Next, we expect continued growth in the sales of the NARCAN Nasal Spray business rising to between $285 million and $315 million. This range includes an assumption of two additional states adopting co-prescription legislation, along with branded competition entering the market sometime during 2020. We will continue to focus on three areas. First, expanding awareness of the risks of opioids and the importance of having ready access to naloxone as highlighted by the U.S. Surgeon General's advisory statement. Second, increasing availability and accessibility through a variety of naloxone distribution programs. And third, maintaining affordability of NARCAN.

With this focus, we feel confident that NARCAN Nasal Spray will continue to have a meaningful impact on addressing the opioid crisis. While we're on the topic, let me address the 8-K we filed earlier this week. On February 18, we announced that we've reached a settlement agreement in our ongoing litigation with Perrigo related to their ANDA, seeking to market a generic version of NARCAN Nasal Spray. Per the agreement, Perrigo's license will be effective as of January 2033 or earlier under certain circumstances, including the outcome of the current Teva litigation or litigation against future ANDA filers should they come about. This settlement remains subject to customary final approvals. In regarding the Teva litigation matter, also on February 18, we announced that a date for closing arguments has been scheduled by the court for next Wednesday, February 26.

Next, let me say a few words about our CDMO services business. We continue to build out our growing portfolio of molecule-to-market contract development and manufacturing services to support both Emergent's growth as well as the growth of external pharma and biotech customers. Factoring in our broad technology platform supporting mammalian, microbial, viral, plasma and advanced therapy approaches, we have reoriented the focus of our CDMO business centering on three strategic pillars. First, commercial, which include sales and marketing penetration, domestic and international expansion and pipeline and portfolio management. Second, operational, where we're striving to harmonize our processes and systems, extend our technological expertise across multiple biologic modalities, as well as expand our capacity and capabilities. And finally, customer centricity with a focus on project management, consistent and focused governance of our relationships with customers in the development of a comprehensive molecule-to-market offering.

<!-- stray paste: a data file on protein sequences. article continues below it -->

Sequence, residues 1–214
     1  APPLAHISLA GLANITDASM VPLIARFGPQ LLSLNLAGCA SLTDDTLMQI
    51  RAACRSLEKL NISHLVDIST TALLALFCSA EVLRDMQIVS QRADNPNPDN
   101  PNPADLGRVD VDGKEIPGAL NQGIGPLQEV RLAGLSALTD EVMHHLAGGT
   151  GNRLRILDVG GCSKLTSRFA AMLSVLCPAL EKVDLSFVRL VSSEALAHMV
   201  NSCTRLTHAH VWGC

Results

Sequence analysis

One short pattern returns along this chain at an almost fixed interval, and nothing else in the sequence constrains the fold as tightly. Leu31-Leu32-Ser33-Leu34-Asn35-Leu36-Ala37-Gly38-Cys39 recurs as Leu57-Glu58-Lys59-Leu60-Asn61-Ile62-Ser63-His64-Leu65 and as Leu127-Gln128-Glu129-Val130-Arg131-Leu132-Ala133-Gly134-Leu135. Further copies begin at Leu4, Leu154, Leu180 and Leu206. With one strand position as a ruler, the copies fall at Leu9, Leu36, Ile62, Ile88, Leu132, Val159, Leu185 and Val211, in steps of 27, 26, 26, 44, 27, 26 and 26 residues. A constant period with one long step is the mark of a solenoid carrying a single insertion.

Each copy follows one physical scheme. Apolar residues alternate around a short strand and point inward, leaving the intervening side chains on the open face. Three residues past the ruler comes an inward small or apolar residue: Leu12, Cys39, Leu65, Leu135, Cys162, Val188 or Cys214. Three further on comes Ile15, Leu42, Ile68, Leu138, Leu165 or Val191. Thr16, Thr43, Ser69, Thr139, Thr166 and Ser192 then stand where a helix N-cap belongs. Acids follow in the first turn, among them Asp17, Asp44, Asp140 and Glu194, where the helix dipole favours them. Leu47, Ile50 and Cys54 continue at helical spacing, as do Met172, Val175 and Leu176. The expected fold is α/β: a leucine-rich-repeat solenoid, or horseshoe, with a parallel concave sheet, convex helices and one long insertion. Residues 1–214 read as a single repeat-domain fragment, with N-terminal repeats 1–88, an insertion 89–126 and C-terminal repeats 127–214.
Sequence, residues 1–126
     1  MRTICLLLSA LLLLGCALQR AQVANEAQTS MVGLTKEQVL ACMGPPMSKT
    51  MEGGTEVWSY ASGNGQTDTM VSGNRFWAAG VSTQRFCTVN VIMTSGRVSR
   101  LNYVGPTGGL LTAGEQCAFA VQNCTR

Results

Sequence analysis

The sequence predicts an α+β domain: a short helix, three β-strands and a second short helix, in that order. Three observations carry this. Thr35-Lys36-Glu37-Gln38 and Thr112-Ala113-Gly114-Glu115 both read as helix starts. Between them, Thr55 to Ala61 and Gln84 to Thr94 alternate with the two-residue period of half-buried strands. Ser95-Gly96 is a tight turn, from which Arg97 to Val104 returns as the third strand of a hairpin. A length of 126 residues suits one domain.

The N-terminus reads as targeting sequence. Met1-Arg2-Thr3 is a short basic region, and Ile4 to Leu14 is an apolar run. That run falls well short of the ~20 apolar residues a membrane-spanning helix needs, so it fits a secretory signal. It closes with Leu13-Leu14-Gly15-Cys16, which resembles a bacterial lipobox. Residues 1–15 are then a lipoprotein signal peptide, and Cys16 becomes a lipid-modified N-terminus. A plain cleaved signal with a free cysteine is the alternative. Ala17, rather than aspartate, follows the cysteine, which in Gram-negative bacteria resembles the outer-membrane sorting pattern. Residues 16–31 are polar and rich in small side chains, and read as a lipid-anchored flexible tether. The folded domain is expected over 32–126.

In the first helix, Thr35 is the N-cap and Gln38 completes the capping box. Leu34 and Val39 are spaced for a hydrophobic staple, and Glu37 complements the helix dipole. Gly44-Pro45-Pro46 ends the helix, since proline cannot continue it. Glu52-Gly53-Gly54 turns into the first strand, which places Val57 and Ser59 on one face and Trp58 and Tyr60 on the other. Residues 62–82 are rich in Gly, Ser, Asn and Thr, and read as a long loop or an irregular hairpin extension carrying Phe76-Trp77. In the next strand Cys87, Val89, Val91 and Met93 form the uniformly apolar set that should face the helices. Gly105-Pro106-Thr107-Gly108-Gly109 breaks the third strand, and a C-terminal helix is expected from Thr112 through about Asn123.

As you may remember, we announced our decision in 2018 to invest approximately $50 million in expanded capacity and state-of-the-art capabilities at our drug product facility in Baltimore. We anticipate completing this project this year and are already actively engaging in discussions with customers for access to this site's services. We expect to begin generating a positive return on this investment beginning in 2021.

Speaking more broadly, we looked for the CDMO business to continue to be a consistent and growing contributor to the overall operations and financial performance of the Company, an integral component of our broad product and solutions offering.

Before turning the call over to Rich, let me finish with a couple of brief comments on our key 2020 goals related to R&D. In our devices business, we will continue to invest in and advance our various development pipeline programs for auto injectors in the medical countermeasures market, specifically addressing chemical threats, and in additional naloxone and now within spray and syringe constructs addressing components of the opioid crisis. Of our devices-based development programs, we anticipate one regulatory filing and one approval in 2020.

In our therapeutics business, we will continue to invest in the pipeline to address public health threats with our antibody platforms. Regarding FLU-IGIV, our influence A therapeutic for hospitalized patients and leading therapeutic development program, we plan to capitalize in the completion of the Phase 2 and database lock which occurred last year with a data readout in Q2 and then potential Phase 3 initiation later in this year. In our travel health business, Vaxchora, our FDA-approved single-dose oral vaccine for cholera recently received a positive opinion from the EMA, which we anticipate leading to market authorization for the product within a couple of months. If received, it will be valid in all 28 member states of the EU as well as in the European Economic Area countries.

And with respect to our chikungunya program, we continue to work toward launching the Phase 3 trial of CHIKV VLP as supported by the compelling Phase 2 data we presented and reported on late last year. While we're on the topic of emerging infectious diseases, I want to make it -- take a moment and speak to the ongoing global crisis related to the coronavirus. As an organization, Emergent is committed to being part of the solution to support pandemic responses, especially where there is an absence of approved preventative and treatment options. The rise of COVID-19 and the push to develop response capabilities against this emerging infectious disease is squarely in our wheelhouse. We have considerable experience, expertise and the infrastructure to bring to bear in helping respond to and solve for this increasingly challenging public health threat.